But most of all, metta softens my own heart toward myself. Metta warms the icy places of harshness and self-criticism. Lovingkindness reminds me of my own humanness and that I, too, am worthy of care and compassion.

Metta melts.

In February, meditation teacher and author, Sharon Salzberg sponsors a 28-Day Meditation Challenge. Everybody is invited to commit to meditating every day for the month and join the mindfulness community. As part of the challenge, I’ll be blogging throughout the month (along with other meditator/bloggers) about the experience. You can find the posts on Sharon’s site and I’ll share mine on Focus Pocus.

28 Day Challenge aspen leaf pub dom

28-Day Meditation Challenge ~ Day 7
Saturday, February 7, 2015

Dear Susan,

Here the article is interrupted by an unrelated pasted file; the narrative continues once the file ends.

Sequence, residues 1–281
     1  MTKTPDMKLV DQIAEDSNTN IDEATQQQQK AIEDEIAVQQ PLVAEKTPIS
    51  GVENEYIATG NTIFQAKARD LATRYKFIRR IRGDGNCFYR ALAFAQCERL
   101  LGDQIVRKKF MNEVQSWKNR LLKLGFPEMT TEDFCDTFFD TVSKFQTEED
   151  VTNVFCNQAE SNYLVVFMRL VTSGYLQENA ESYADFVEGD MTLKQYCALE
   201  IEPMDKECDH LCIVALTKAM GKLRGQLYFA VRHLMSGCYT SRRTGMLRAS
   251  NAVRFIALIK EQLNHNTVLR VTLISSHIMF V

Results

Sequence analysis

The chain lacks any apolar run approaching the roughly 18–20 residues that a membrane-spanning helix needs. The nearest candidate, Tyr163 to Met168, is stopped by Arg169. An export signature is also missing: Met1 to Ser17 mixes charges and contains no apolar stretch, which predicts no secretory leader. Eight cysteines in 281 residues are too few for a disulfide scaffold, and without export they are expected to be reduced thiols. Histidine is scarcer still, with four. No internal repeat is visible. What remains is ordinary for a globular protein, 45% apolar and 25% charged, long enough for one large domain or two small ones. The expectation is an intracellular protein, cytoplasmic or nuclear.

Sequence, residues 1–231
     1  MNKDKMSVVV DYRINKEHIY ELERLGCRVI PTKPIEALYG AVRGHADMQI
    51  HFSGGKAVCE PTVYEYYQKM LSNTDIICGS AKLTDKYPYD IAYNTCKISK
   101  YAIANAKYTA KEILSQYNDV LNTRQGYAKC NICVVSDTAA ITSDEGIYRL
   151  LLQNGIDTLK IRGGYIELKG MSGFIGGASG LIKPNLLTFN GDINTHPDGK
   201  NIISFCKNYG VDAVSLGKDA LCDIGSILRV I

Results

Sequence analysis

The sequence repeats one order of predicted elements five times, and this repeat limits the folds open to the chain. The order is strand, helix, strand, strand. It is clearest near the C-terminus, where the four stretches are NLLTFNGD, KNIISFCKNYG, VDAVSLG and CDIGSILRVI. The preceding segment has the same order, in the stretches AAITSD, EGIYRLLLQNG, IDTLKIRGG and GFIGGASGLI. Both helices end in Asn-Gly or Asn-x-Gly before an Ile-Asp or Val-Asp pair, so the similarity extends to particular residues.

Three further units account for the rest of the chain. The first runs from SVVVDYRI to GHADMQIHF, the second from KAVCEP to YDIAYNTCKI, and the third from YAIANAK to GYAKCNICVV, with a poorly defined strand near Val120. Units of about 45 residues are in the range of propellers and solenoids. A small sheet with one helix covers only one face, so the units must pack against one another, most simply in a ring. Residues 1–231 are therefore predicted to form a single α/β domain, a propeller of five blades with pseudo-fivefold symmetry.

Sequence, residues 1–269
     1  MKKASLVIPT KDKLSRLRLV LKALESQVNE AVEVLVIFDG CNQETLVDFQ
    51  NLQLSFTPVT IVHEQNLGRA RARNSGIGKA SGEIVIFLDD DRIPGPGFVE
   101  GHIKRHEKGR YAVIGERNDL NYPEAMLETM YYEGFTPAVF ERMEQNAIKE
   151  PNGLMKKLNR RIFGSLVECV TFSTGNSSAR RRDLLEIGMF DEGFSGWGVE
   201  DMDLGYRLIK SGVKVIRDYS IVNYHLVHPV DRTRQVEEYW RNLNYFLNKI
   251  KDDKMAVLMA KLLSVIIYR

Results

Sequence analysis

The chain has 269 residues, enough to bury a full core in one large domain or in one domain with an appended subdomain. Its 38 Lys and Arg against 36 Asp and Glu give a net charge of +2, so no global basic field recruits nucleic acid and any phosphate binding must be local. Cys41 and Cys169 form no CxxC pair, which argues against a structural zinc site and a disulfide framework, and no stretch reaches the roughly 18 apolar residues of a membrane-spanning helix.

Be kinder than necessary.

In all circumstances and all situations, be kinder than you have to be. Stretch your kindness muscles.

Your husband, Frank, is right. No matter if you are cheated, no matter if you look like a fool, no matter if someone else is shrewder, you will never, ever regret being kind.

When in doubt about what the kindest thing to do is, just stop and take a breath. Especially if you feel resistance or feel like someone’s taking advantage, pause and breathe. You probably know what the kindest thing is.

If you’re still not sure, broaden your perspective, think about what really matters, what’s most important, how you’d feel about this choice (even if it’s a tiny one) on your deathbed. From a place of Big Mind, you probably know the kindest thing to do.

If you still don’t know, ask Frank.

Tatoo this on your heart,
Post-it note this to your soul:
In all circumstances and situations, be kinder than necessary. To everybody. Including you.